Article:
that may justify the resolution of the issue of constitutionality.]
3. NO, the Court CANNOT order that DARs compulsory acquisition of Hacienda Lusita cover the
full 6,443 hectares and not just the 4,915.75 hectares covered by HLIs SDP.
[Since what is put in issue before the Court is the propriety of the revocation of the SDP,
which only involves 4,915.75 has. of agricultural land and not 6,443 has., then the Court is
constrained to rule only as regards the 4,915.75 has. of agricultural land.Nonetheless, this should
not prevent the DAR, under its mandate under the agrarian reform law, from subsequently
subjecting to agrarian reform other agricultural lands originally held by Tadeco that were allegedly
not transferred to HLI but were supposedly covered by RA 6657.
However since the area to be awarded to each FWB in the July 5, 2011 Decision appears
too restrictive considering that there are roads, irrigation canals, and other portions of the land that
are considered commonly-owned by farmworkers, and these may necessarily result in the decrease
of the area size that may be awarded per FWB the Court reconsiders its Decision and resolves to
give the DAR leeway in adjusting the area that may be awarded per FWB in case the number of
actual qualified FWBs decreases. In order to ensure the proper distribution of the agricultural lands
of Hacienda Luisita per qualified FWB, and considering that matters involving strictly the
administrative implementation and enforcement of agrarian reform laws are within the jurisdiction of
the DAR, it is the latter which shall determine the area with which each qualified FWB will be
awarded.
On the other hand, the majority likewise reiterated its holding that the 500-hectare portion of
Hacienda Luisita that have been validly converted to industrial use and have been acquired by
intervenors Rizal Commercial Banking Corporation (RCBC) and Luisita Industrial Park Corporation
(LIPCO), as well as the separate 80.51-hectare SCTEX lot acquired by the government, should be
excluded from the coverage of the assailed PARC resolution. The Court however ordered that the
unused balance of the proceeds of the sale of the 500-hectare converted land and of the 80.51hectare land used for the SCTEX be distributed to the FWBs.]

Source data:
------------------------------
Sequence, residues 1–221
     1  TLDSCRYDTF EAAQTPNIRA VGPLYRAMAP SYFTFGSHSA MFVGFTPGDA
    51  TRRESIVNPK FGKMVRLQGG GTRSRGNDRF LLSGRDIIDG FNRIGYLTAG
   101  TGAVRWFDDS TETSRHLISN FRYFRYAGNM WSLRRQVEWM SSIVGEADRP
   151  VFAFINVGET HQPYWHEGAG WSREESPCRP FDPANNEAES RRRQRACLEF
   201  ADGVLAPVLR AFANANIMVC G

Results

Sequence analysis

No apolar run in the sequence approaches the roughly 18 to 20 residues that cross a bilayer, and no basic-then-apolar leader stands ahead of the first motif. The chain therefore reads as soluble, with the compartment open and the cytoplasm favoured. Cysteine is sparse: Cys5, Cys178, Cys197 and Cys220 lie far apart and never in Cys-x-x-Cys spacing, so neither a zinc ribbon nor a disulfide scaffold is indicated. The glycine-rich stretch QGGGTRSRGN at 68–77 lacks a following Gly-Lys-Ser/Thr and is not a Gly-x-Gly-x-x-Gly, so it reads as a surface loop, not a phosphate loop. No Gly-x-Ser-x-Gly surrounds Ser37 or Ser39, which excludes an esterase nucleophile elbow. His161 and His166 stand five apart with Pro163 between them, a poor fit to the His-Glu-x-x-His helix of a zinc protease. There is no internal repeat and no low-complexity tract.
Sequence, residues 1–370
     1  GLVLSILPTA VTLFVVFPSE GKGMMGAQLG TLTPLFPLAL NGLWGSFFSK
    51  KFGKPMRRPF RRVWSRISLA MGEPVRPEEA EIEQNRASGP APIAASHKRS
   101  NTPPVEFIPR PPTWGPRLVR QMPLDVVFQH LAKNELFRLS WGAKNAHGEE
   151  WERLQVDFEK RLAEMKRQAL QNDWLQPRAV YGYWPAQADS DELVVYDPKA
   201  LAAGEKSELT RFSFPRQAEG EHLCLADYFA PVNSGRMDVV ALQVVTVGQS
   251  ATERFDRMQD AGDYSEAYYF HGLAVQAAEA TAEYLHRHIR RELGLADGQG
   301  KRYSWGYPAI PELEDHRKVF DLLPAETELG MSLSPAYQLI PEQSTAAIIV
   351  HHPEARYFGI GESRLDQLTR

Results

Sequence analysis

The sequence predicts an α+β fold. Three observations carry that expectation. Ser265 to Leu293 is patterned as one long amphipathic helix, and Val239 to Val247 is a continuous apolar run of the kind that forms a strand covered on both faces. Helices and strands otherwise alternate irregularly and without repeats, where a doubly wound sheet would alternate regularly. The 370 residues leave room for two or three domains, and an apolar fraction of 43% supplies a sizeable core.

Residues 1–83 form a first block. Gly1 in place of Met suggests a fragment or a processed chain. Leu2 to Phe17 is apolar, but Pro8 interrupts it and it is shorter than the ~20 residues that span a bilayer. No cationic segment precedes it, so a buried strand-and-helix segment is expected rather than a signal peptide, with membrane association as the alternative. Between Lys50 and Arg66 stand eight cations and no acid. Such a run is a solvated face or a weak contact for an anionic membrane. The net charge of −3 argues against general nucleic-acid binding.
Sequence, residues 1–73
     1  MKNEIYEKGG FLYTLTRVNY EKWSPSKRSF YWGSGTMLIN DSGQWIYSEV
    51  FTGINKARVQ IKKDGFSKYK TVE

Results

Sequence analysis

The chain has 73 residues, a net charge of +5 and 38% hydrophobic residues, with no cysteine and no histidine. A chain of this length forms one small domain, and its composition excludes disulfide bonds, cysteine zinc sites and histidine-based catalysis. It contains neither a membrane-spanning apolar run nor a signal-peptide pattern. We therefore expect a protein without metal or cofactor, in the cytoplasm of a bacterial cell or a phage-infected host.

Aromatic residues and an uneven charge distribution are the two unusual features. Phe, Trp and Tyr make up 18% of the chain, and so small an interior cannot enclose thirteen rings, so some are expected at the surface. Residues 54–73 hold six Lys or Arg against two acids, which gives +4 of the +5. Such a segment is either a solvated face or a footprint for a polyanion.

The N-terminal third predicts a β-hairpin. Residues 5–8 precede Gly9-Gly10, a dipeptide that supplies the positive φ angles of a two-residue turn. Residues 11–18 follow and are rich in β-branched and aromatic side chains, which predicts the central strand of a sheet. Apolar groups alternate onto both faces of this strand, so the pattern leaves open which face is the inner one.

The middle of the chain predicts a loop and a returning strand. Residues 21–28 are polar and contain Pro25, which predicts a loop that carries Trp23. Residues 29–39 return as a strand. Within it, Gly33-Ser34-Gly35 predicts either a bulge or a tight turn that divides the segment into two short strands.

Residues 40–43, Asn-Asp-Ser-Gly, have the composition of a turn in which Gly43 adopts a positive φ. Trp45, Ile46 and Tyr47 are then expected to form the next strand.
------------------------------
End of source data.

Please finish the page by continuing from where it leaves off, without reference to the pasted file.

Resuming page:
4. YES, the date of taking is November 21, 1989, when PARC approved HLIs SDP.
[For the purpose of determining just compensation, the date of taking is November 21,
1989 (the date when PARC approved HLIs SDP) since this is the time that the FWBs were
considered to own and possess the agricultural lands in Hacienda Luisita. To be precise, these lands
became subject of the agrarian reform coverage through the stock distribution scheme only upon the
approval of the SDP, that is, on November 21, 1989. Such approval is akin to a notice of coverage
ordinarily issued under compulsory acquisition. On the contention of the minority (Justice Sereno)
that the date of the notice of coverage [after PARCs revocation of the SDP], that is, January 2,
2006, is determinative of the just compensation that HLI is entitled to receive, the Court majority
noted that none of the cases cited to justify this position involved the stock distribution scheme.
Thus, said cases do not squarely apply to the instant case. The foregoing notwithstanding, it bears
stressing that the DAR's land valuation is only preliminary and is not, by any means, final and
conclusive upon the landowner. The landowner can file an original action with the RTC acting as a
special agrarian court to determine just compensation. The court has the right to review with finality
the determination in the exercise of what is admittedly a judicial function.]
5. NO, the 10-year period prohibition on the transfer of awarded lands under RA 6657 has NOT
lapsed on May 10, 1999; thus, the qualified FWBs should NOT yet be allowed to sell their land
interests in Hacienda Luisita to third parties.

[Under RA 6657 and DAO 1, the awarded lands may only be transferred or conveyed after
10 years from the issuance and registration of the emancipation patent (EP) or certificate of land
ownership award (CLOA). Considering that the EPs or CLOAs have not yet been issued to the
qualified FWBs in the instant case, the 10-year prohibitive period has not even started. Significantly,
the reckoning point is the issuance of the EP or CLOA, and not the placing of the agricultural lands
under CARP coverage. Moreover, should the FWBs be immediately allowed the option to sell or
convey their interest in the subject lands, then all efforts at agrarian reform would be rendered
nugatory, since, at the end of the day, these lands will just be transferred to persons not entitled to
land distribution under CARP.]
6. YES, the ruling in the July 5, 2011 Decision that the qualified FWBs be given an option to
remain as stockholders of HLI should be reconsidered.
[The Court reconsidered its earlier decision that the qualified FWBs should be given an
option to remain as stockholders of HLI, inasmuch as these qualified FWBs will never gain control
[over the subject lands] given the present proportion of shareholdings in HLI. The Court noted that
the share of the FWBs in the HLI capital stock is [just] 33.296%. Thus, even if all the holders of this
33.296% unanimously vote to remain as HLI stockholders, which is unlikely, control will never be in
the hands of the FWBs. Control means the majority of [sic] 50% plus at least one share of the
common shares and other voting shares. Applying the formula to the HLI stockholdings, the number
of shares that will constitute the majority is 295,112,101 shares (590,554,220 total HLI capital shares
divided by 2 plus one [1] HLI share). The 118,391,976.85 shares subject to the SDP approved by
PARC substantially fall short of the 295,112,101 shares needed by the FWBs to acquire control over
HLI.]